Nakahama Manjirō (中濱 万次郎 Nakahama Manjirō) (1827 - 1898), also known as John Manjiro, was one of the first Japanese people to visit the United States and an important translator and adviser to the Japanese government during the late Tokugawa and the early Meiji periods, when Japan opened its ports to American trade and expanded its commerce with European traders. During this period, Japan began an intensive program of modernization.
When he was 14 years old, he was shipwrecked along with four other fishermen from Tosa Province, Japan, and rescued by the American whaler USS John Howland, commanded by Captain William H. Whitfield. Whitfield befriended the boy and took him home to Fairhaven, Massachusetts, where Manjiro spent three years studying English, mathematics, history, geography, navigation, and shipbuilding. After working on another whaling ship and in the California Gold Rush, Manjiro risked execution to return to Japan, by Japanese law at that time, where he became a teacher. In 1853, when the United States Navy fleet led by Commodore Matthew C. Perry anchored in Edo harbor, Manjiro was summoned to Edo and given the rank of samurai. He was installed as an interpreter and translator for the Tokugawa shogunate and was instrumental in negotiating the Convention of Kanagawa. In 1860, Nakahama Manjiro participated in the Japanese Embassy to the United States. Later, during the Franco-Prussian War in 1870, he studied military science in Europe. When the new Meiji government established Kaisei College in 1877, the forerunner of the University of Tokyo, Manjiro joined the faculty and helped educate Japan's future leaders.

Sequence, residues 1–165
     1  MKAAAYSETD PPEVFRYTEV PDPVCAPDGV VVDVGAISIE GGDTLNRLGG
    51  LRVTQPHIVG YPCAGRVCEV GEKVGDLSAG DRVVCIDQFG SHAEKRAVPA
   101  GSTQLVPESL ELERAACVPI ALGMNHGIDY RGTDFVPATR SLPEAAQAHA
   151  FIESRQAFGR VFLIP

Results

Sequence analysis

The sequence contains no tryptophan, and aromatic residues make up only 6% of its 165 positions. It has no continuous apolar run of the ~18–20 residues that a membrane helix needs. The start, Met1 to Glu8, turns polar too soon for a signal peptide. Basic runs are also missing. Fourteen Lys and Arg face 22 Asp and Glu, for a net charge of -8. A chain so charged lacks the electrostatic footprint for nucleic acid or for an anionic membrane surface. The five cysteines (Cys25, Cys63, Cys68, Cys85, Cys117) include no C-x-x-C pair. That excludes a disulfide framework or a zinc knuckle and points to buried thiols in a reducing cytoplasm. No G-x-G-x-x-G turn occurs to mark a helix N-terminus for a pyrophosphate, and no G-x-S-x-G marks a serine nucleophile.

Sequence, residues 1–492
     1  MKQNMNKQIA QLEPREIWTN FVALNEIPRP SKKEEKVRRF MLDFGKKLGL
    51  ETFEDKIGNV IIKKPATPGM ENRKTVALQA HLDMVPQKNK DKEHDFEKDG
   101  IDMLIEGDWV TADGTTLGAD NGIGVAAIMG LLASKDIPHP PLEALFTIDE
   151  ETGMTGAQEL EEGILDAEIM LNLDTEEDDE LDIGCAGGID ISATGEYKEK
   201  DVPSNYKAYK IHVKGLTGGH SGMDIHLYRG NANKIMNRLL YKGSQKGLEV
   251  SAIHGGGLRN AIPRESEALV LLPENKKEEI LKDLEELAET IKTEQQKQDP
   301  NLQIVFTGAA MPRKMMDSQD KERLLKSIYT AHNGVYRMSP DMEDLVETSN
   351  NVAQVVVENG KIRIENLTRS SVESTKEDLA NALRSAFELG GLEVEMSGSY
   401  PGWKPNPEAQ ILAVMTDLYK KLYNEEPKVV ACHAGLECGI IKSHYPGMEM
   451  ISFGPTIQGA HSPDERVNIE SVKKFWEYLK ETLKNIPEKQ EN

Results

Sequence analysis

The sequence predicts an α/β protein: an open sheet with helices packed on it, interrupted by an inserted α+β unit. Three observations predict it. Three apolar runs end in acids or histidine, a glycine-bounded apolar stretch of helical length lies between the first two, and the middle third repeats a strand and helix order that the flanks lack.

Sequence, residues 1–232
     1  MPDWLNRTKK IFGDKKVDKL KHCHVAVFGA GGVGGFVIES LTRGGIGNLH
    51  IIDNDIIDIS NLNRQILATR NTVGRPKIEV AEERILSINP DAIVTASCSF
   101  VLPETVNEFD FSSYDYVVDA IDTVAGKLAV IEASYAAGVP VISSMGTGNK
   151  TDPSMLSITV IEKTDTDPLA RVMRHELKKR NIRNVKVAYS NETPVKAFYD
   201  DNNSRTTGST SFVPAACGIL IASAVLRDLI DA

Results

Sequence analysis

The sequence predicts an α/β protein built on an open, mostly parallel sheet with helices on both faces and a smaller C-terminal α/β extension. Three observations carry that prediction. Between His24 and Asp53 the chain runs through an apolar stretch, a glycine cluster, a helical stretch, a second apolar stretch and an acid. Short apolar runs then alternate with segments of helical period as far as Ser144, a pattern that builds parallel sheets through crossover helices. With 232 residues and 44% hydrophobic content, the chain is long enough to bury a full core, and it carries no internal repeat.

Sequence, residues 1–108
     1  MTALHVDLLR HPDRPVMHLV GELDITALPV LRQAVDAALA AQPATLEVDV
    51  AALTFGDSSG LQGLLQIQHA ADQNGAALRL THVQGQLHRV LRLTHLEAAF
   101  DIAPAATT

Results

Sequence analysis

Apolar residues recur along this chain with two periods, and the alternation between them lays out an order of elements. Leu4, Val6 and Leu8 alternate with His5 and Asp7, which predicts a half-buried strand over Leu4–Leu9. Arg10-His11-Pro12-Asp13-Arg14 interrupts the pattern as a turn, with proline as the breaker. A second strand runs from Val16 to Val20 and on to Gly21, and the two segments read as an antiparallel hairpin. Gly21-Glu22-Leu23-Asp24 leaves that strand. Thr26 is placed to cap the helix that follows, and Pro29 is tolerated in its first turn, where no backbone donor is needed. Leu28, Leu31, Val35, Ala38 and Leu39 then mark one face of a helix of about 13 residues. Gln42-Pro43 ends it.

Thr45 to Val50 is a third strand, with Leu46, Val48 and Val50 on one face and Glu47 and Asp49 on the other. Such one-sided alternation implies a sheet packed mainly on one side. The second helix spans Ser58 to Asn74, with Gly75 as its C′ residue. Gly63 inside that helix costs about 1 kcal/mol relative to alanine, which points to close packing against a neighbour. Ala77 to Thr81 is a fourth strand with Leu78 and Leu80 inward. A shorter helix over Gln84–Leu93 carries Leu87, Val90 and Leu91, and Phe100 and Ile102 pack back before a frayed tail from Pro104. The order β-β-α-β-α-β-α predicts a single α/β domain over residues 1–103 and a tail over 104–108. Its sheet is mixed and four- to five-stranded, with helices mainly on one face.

Manjiro's descriptions of his travels painted a new picture of the United States for the late Tokugawa and early Meiji eras. He helped to dispel many misconceptions, and especially devoted himself to teaching his countrymen about American democracy, independence, freedom, and equality. Manjiro is believed to have influenced the architects of the Meiji Restoration and the modernization of Japan.
After issuing edicts to expel all Portuguese missionaries and traders from Japan in 1639, the Tokugawa shogunate enforced kaikin (海禁, "maritime restrictions"), a series of restrictions intended to carefully control Japan’s contact with foreigners. The Dutch East India Company was permitted to continue commerce in Japan from a trading post on the small island of Dejima, separated from the city of Nagasaki by a small strait; foreigners could not enter Japan from Dejima, nor could Japanese enter Dejima, without special permission or authority. Japanese were not allowed to travel abroad, on penalty of death. Through the Dutch at Dejima, the Japanese received some knowledge of Western science and military technology.
New England whalers began arriving in the coastal waters north of Japan as early as 1791, and during the same period the growing volume of shipping in the Pacific and the South China Sea brought increasing numbers of American merchant ships into the waters between Japan and China. Their presence resulted in a rise in the number of ships visiting Japanese shores in search of food and water, and led to an increase in the number of shipwrecks in the area. Japanese leaders viewed these incidents as intrusive. In 1825, the Mito scholar Aizawa Seishisai wrote Shinron ("New Proposals"), an influential document warning that Japanese weakness for "novel gadgets" could "lure ignorant people" to the spell of "treacherous foreigners," and urging the shogun to "smash the barbarians whenever they come in sight." He argued that foreign trade was injurious to Japan and that contacts with foreigners would undermine Japanese morale or worse, lead to outright foreign conquest.
The Tokugawa shogunate responded by issuing an edict in 1825, that ordered the forcible ejection of all foreign ships from Japanese coastal regions and the destruction of foreign intruders with "no second thought." When a foreign ship attempted to return shipwreck victims to Japan, the government would either drive the vessel away by shelling it, or accept the survivors and execute them for violating the national ban on foreign travel. In 1837, when a small group of American Protestant missionaries based in Canton tried to return seven Japanese castaways to Japan, their small, unarmed ship was fired upon at the entrance to Edo Bay, and again at the port of Kagoshima in southern Kyushu, forcing them to retreat with the Japanese still on board.